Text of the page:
|Leavest thou me out of this.|
I just happen to have a copy of Newton's commentary on Daniel and Revelation*. In Chapter 10, Newton writes the following concerning the 70 Weeks:
Know also and understand that from the going forth of the commandment to cause to return and to build Jerusalem, shall be seven weeks. The former part of the prophecy related to the first coming of Christ, being dated to his coming as a prophet; this being dated to his coming to be prince or king, seems to relate to his second coming.Newton then goes on to explain that some prophecies apply to both the first and second coming, and notes that this may very well be one of them. So Newton seems to relate the period of "seven weeks" to Christ's second coming. So how do we get from that rather vague aside to 2015?
To get there, we must jump over to a book called Petrus Romanus by Thomas Horn and Chris Putnam, from which C.Ervana read in a prior video, and which I also happen to have in my library. We read on p.287 of a fellow named T.W. Tramm, who did a bit of fancy math in still another book. Tramm concluded that:
If one counts exactly forty-nine (360 day) prophetic years (17,640 days) from the June 7, 1967 date of Jerusalem's recapture, we arrive at September 23rd, 2015, -- the Day of Atonement. Coincidence?I'll leave the reader to decide whether something is a coincidence. But I would like to lay out the assumptions necessary to conclude that Sept 23rd is a date of prophetic importance according to Newton:
- Newton was correct that the "seven weeks" of Daniel's Seventy Weeks prophecy applied to the Second Coming, and not just the first as most scholars take it.**
- The "seven weeks" count began the day Israel re-captured Old Jerusalem in the Six Day War of 1967.
- The "seven weeks" are "seven weeks of years," i.e. 49 years.
- These years are not "calendar" years, but lunar years of 360 days.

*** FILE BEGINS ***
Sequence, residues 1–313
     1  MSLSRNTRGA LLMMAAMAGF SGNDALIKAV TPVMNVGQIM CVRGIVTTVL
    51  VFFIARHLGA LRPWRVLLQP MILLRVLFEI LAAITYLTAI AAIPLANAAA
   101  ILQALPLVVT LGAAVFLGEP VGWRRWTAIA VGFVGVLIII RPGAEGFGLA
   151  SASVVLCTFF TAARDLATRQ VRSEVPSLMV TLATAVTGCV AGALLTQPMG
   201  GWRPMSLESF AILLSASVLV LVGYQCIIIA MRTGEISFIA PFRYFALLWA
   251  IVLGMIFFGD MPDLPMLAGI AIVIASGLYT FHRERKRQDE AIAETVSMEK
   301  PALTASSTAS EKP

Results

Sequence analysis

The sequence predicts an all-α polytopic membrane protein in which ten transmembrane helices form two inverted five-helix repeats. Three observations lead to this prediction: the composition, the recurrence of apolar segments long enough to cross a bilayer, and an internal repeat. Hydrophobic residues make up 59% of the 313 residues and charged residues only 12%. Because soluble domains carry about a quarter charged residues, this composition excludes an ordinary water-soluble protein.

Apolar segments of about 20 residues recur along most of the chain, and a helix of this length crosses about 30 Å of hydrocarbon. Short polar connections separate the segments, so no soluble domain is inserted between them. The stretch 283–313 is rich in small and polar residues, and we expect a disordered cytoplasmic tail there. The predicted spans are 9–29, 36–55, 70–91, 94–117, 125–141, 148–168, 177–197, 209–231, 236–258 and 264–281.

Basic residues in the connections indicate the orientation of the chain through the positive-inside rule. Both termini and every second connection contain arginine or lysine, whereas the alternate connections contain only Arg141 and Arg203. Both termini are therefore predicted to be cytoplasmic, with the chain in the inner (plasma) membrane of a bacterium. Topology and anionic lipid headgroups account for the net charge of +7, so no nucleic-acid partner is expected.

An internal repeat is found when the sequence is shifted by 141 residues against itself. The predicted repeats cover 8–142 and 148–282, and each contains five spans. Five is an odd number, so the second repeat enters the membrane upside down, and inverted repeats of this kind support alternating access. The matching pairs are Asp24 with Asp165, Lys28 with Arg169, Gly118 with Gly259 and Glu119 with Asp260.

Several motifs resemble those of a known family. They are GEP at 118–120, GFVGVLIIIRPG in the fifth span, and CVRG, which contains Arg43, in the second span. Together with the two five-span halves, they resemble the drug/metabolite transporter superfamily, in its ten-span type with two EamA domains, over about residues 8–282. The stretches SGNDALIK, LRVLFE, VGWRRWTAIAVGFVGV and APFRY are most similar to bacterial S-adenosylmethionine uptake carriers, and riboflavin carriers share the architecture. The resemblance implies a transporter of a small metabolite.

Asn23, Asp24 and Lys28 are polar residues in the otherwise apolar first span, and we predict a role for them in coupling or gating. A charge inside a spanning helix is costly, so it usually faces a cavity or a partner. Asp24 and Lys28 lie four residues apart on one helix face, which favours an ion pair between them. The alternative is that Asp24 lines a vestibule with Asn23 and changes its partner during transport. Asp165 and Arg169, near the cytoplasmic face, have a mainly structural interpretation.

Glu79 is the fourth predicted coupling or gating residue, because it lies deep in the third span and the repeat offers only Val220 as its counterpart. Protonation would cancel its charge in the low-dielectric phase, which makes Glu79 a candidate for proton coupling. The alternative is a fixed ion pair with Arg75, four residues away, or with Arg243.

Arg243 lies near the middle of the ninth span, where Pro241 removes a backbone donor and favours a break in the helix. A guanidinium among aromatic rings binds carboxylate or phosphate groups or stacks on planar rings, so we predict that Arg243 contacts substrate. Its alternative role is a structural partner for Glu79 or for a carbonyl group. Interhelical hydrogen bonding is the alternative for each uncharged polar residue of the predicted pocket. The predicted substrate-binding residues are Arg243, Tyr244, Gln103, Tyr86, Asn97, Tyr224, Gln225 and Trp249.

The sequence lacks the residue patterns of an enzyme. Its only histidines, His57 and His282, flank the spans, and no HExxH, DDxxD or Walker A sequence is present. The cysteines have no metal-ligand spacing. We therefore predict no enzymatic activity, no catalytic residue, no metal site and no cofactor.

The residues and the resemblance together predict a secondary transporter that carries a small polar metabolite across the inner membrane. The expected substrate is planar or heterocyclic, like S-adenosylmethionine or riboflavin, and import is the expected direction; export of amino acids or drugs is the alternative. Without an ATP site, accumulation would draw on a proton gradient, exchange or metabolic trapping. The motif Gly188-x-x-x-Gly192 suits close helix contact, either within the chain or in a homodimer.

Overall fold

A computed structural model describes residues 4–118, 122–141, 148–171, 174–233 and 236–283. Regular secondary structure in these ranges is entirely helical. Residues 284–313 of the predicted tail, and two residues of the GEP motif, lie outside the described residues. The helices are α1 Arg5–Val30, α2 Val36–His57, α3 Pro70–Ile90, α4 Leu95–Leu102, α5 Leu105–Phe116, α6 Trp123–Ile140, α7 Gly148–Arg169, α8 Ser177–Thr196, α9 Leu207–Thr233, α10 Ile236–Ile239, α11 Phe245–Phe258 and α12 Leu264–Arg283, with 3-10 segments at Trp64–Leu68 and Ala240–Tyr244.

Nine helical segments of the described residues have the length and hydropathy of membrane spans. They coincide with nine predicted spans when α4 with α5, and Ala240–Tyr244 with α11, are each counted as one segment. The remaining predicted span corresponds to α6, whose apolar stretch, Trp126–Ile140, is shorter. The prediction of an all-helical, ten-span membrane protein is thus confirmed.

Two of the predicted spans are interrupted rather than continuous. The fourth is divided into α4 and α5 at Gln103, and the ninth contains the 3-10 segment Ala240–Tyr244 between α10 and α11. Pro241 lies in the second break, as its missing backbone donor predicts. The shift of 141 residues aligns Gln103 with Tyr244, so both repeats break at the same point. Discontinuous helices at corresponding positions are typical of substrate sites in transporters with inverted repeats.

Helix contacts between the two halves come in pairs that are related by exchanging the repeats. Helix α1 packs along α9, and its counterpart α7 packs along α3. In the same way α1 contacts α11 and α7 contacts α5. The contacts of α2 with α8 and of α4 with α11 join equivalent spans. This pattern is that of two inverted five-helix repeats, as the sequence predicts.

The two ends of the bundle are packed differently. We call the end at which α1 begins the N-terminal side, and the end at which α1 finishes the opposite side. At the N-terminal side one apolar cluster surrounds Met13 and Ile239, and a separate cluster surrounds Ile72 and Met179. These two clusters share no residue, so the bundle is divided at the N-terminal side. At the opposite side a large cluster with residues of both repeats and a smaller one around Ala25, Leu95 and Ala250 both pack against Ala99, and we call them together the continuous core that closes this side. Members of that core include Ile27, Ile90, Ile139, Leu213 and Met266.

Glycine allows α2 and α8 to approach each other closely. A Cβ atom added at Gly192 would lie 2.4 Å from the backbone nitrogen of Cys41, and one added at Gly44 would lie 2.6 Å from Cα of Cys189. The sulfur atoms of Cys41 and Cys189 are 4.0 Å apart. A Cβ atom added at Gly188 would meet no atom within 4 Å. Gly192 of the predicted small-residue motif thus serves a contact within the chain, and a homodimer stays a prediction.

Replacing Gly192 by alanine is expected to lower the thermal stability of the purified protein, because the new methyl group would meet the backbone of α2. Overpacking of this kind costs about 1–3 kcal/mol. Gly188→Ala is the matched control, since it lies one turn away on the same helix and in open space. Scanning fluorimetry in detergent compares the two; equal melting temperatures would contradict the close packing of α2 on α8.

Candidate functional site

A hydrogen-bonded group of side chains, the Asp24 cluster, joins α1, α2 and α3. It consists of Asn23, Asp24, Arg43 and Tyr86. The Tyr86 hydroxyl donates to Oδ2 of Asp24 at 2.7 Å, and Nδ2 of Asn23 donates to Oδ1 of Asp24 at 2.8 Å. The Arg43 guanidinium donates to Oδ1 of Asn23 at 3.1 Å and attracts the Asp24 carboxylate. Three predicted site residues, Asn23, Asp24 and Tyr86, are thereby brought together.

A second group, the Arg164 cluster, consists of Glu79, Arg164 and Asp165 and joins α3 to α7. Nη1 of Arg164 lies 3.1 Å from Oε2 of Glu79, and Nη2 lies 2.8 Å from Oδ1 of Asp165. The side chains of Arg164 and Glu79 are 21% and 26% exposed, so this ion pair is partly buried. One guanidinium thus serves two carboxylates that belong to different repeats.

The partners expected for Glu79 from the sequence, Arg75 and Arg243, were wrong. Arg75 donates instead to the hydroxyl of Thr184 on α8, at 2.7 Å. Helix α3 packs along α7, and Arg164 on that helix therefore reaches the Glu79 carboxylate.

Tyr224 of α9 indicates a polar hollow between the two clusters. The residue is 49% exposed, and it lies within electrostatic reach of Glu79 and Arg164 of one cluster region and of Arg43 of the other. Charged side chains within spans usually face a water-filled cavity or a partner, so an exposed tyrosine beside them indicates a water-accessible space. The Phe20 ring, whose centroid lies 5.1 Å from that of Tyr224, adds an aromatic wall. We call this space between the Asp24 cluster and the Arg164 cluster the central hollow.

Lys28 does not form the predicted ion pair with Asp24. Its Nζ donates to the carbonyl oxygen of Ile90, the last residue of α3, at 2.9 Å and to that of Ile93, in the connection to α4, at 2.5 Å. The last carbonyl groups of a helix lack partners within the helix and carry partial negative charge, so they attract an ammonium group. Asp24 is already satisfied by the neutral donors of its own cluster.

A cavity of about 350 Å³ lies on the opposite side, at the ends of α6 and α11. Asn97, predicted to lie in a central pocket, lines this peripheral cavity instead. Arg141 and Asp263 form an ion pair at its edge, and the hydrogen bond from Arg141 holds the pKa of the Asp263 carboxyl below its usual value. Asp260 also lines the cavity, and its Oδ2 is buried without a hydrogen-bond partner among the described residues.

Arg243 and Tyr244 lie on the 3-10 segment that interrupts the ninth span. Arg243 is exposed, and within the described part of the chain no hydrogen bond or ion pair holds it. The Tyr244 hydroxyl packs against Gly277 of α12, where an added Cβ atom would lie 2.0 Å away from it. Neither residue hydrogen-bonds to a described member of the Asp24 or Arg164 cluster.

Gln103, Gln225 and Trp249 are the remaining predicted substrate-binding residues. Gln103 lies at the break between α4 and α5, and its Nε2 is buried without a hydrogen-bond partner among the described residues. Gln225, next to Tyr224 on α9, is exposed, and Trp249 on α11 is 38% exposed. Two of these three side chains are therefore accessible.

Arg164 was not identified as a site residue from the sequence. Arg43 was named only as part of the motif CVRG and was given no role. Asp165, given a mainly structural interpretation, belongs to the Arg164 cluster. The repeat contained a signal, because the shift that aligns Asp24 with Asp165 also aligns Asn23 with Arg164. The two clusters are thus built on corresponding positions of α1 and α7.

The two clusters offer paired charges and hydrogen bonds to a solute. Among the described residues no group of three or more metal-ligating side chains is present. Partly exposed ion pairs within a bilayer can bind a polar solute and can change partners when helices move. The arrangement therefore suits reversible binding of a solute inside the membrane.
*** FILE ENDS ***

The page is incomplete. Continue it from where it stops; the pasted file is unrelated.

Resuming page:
My primary problem with the claim lies in assumption number 2, kicking off the 7 weeks in 1967. Newton himself noted that, "Here, by putting a week for seven years, are reckoned from the time that the dispersed Jews should be re-incorporated into a people and a holy city, until the death and resurrection of Christ..." In other words, Newton began the clock on the date the Jews were "reincorporated into a people". The best modern parallel to that is 1948, the establishment of the state of Israel. One can argue that the recapture of old Jerusalem in 1967 is just as meaningful (i.e. put the emphasis on "and a holy city"). But I am unconvinced that it's more significant than re-establishment of a Jewish state after 1800+ years of diaspora. It just looks like someone was playing with numbers to find a coincidence.
But I have another problem related to the first: the parlor trick of switching to 360-day years halfway through the prophecy. Newton used, as far as I can tell, calendar years. So does everyone else, and Horn and Putnam note that if you use calendar years here, the seven weeks end in 2016. Calling a shortened year a "prophetic" year does not really help the prophetic case other than finding a coincidence between two dates. If one were to apply a 360-day year consistently, it would throw off the first coming / resurrection prophecy by 7 whole years, or an entire "week." Obviously, that's weak sauce.
So the short version is that Newton never "called" 2015, nor specifically September 23rd, as any sort of meaningful prophetic date. Tying his reputation to this date does the man an injustice. And it would probably piss him off as well. In fact, Newton wrote (as I mentioned before):
"This I mention not to assert when the time of the end shall be, but to put a stop to the rash conjectures of fanciful men who are frequently predicting the time of the end, and by doing so bring the sacred prophesies into discredit as often as their predictions fail."So either something really awesome will happen in 11 days, or it won't. Here's to hoping it does. If you're really convinced it will and it doesn't, just remember that God is a better mathematician than you are, especially as you're double-checking his numbers through a glass darkly.
Oh, and stop setting dates. You're making God look bad. And Newton as well.
* It's actually a reprint of Thomas Jefferson's personal copy of Newton. Jefferson was not so disinterested in things biblical as is generally imagined.
** "Most" here includes Newton, who uses it in his 490 year calculation from the Captivity to Christ's first coming.